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Sixth Season 2010/2111 - Cisco & "Elbert"

The previous season log can be found at Cisco's 5th Season
Newest updates towards top of page, except for field meet logs, where order is reversed 
Please email me.  Click on hypertext below, or copy and paste address using your email client.

The two hawks can be seen via web cam during most weekday daylight hours here: Cam1 & Cam2

For seasonal totals, please email me.

Cisco, 5X intermewed passage red-tail hawk, riding the T perch.
(Photo: Jay Mangum, 2010)

A female rehab red-shouldered hawk, that I call Ms. Elbert (Photo: Lynne Holder)

Reward offer:
A reward will be paid to anyone providing information leading to the arrest/conviction of the individual who shot and killed Cody Birdwell's peregrine falcon.  17 year old Cody was flying his bird west of Katy, TX on November 1st, 2010, late in the day.  The bird flew off, and Cody found him hanging on a fence, shot and decapitated.  If you have information, please send an email to  $750 will be paid upon arrest, and another $750 upon conviction of the individual.

Cast of characters for those not familiar with the web site, local falconry buddies: Mike Wiegel is a falconer who lives about two miles from me in Houston, and flies a tiercel Barbary falcon.  Rob Evans, another falconer out in Katy has flown red-tails for years and is now flying an intermewed female.  Cody Birdwell is Jim Ince's apprentice, and has had a couple of successful seasons flying two red-tails.  Cameron Turner is my 16 year old apprentice, living in Sugar Land.  Jim Ince my former sponsor, is not flying any bird right now.   Lynne Holder is my former apprentice, lives in Chappell Hill, TX with husband, Ron.  Over Thanksgiving 2009, I gave her my Harris' hawk, Dart.  Dart spends occasional time in Houston. I have other falconer buddies, but these are the ones in Houston who show up most frequently on these pages. 

Ever wonder what red-tails and Harris's really think of each other?  Cisco and Dart on the side lawn.......


Cisco's buddies

4/21/2011 – Season wrap up

I quit hunting late last month.  It was an odd season, with very few rabbits in the fields. Cisco did pretty well overall, finishing his season with a bird caught while hunting rabbits (none to be seen) out in Katy.  A very low year for rabbits, with Cisco's catching the smallest number by half of his previous low of his six season career.  Cisco caught around forty cotton rats, and a half dozen squirrels.  Oh yes, about ten mice.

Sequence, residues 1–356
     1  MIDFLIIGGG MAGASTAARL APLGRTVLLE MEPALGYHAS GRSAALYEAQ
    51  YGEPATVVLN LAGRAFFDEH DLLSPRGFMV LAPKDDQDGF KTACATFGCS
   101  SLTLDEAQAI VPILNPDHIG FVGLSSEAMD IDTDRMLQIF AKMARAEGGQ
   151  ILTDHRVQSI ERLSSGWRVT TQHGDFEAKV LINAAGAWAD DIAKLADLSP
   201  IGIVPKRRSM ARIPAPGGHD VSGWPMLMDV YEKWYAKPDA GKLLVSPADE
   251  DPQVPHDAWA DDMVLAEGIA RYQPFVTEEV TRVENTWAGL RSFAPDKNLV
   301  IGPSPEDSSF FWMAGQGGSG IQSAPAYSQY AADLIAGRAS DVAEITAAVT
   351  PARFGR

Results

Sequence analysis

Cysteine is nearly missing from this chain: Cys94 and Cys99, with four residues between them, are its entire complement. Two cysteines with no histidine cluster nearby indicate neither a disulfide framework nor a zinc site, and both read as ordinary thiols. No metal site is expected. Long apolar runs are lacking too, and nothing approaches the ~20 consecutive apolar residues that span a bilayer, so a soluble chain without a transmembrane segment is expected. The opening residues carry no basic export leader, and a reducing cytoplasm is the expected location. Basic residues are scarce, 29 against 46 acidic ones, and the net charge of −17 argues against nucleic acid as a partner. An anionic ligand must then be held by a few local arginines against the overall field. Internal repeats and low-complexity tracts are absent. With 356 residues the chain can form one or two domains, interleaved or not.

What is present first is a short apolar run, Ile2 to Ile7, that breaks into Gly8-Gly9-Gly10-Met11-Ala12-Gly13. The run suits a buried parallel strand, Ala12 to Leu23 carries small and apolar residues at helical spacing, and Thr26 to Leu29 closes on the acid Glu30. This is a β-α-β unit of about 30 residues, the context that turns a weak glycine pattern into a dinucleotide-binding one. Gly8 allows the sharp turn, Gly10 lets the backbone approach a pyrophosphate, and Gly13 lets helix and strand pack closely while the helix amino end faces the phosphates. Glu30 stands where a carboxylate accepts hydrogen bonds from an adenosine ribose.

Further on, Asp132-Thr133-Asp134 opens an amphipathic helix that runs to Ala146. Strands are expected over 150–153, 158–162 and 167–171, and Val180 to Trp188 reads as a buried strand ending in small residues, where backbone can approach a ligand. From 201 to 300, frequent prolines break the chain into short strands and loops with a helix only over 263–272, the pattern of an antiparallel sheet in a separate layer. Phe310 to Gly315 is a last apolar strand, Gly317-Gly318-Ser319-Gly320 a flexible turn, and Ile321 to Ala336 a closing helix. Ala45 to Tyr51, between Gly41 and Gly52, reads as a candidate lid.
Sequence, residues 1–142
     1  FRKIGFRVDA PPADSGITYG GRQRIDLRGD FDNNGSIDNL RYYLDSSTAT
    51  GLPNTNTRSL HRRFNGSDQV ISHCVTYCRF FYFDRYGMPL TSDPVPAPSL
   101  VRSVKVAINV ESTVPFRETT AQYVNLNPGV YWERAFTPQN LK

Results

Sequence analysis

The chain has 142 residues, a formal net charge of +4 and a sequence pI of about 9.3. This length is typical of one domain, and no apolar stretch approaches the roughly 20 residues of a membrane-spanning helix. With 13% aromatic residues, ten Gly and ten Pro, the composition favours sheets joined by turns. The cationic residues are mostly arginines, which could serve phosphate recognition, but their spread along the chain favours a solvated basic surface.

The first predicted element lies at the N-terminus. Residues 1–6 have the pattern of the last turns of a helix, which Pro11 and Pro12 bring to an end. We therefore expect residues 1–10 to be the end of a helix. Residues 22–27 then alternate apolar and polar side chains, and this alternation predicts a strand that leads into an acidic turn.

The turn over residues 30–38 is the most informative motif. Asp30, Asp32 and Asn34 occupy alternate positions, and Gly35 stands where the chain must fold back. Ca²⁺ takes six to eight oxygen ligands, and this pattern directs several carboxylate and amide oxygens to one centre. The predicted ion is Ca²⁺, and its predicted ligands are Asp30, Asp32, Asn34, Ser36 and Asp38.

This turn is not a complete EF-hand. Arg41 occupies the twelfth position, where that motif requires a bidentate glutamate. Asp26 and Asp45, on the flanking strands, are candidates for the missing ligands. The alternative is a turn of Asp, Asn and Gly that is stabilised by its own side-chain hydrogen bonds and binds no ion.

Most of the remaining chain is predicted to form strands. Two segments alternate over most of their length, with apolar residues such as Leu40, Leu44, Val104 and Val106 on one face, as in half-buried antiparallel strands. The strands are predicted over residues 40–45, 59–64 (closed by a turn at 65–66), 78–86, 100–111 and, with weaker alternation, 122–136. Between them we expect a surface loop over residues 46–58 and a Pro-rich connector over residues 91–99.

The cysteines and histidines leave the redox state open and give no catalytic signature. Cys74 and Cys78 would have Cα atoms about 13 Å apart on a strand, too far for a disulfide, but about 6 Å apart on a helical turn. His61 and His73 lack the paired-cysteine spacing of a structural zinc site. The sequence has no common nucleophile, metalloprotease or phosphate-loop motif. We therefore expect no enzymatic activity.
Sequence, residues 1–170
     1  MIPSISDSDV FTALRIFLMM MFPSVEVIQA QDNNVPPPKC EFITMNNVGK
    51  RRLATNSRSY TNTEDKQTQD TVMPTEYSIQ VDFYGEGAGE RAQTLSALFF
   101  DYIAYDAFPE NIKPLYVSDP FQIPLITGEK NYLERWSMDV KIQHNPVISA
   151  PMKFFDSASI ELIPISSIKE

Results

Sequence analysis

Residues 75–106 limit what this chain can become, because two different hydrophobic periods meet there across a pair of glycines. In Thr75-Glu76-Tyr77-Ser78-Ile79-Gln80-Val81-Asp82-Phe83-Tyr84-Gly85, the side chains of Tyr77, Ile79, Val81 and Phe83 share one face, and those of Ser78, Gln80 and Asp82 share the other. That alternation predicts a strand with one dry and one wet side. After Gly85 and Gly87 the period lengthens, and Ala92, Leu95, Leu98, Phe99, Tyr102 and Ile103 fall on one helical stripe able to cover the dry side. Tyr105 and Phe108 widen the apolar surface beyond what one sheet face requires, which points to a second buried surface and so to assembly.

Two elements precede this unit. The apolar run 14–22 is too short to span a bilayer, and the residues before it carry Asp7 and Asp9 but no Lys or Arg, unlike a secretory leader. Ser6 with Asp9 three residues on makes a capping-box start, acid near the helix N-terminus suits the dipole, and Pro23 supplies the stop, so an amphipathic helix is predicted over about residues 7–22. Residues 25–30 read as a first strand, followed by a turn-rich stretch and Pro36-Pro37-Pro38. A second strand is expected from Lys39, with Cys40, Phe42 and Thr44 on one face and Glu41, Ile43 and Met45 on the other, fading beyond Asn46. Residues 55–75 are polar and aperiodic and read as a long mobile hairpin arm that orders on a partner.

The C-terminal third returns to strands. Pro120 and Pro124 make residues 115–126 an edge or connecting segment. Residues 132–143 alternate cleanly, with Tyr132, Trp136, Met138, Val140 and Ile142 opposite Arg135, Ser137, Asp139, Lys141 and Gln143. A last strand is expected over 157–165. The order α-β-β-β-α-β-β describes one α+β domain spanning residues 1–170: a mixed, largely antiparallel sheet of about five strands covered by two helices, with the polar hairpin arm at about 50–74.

I hunted with an often poorly motivated red-shouldered hawk.  I still have Ms Elbert.  She is a great companion hawk, with no screaming  and she's well mannered overall.  She is beginning to molt, dropping a half dozen primaries so far.  I have kept her weight in the mid-600's.  The preview of her adult plumage is stunning.  I will make an effort to keep her engaged next fall, and may even take her out this summer to hunt starlings.  Much of her attitude this season was related to my not providing her with enough game to catch.  She finished the season with a dozen birds and ten cotton rats, a mouse or two, some retiles including the water mocassin that nearly killed her.

3/17/2011 – A "discouraged" Cisco catches his sixth squirrel Thursday after work

I took Cisco to the FM 1960 field two days ago, on Tuesday.  He had a couple of flights on squirrels but that was it.  Also had a scary moment when he decided to chase something in a ditch just the other side of 1960 (four lanes of not slow traffic).  A frightening moment, but not for him.  I had to run across 1960 and retrieve him.  Fun.

Last Saturday he caught a cotton rat in the woods while squirrel hunting.  That's a first.  Speaking of cotton rats, Lynne Holder caught eight this week, with Dart, the Harris hawk.

Today, because it was warm, I did not take Cisco to work. I took him out west of town to have another whack at the squirrels.  He's been missing lately and it's been a couple of weeks at least.  Today, sunny and warm, the woods were full of squirrels.  Cisco started out fine, but in a few minutes he left the woods and flew across the street to a field and chased a rabbit.  I helped him, but was wondering if he was losing confidence in his ability to catch squirrels.  But within 10 minutes of returning to the woods he put in a hard attack on a young squirrel, but missed.  He circled back, and the squirrel leapt from the tree.  Hawk and squirrel were plummeting to the ground.  It's an amazing sight.  Thwack! and a squirrel squealing.  This was a very small buck cat squirrel, similar to the first one he caught years ago.  I didn't have my camera, so here's another picture of Cisco with a squirrel.

 Cisco with squirrel

Three texts from Lynne Holder as she and Ron were returning from CO in early March:

3/6/2011 – A weekend with a squirrel and a swamp rabbit

Today and yesterday were a study in contrasts.  Saturday it was so windy that I nearly didn't fly Cisco, and he handles almost any wind.  It was overcast and cool. I ended up taking Cisco to the park, accompanied by Ben Maudlin, who I met six years ago as he was entering college at UH.  Ben is back and has a renascent interest in falconry.  Rob will probably sponsor him. The trees diminished the winds enough so that Cisco was in fine form.  He found and chased squirrels, ultimately catching one right above my head.  Ben was impressed.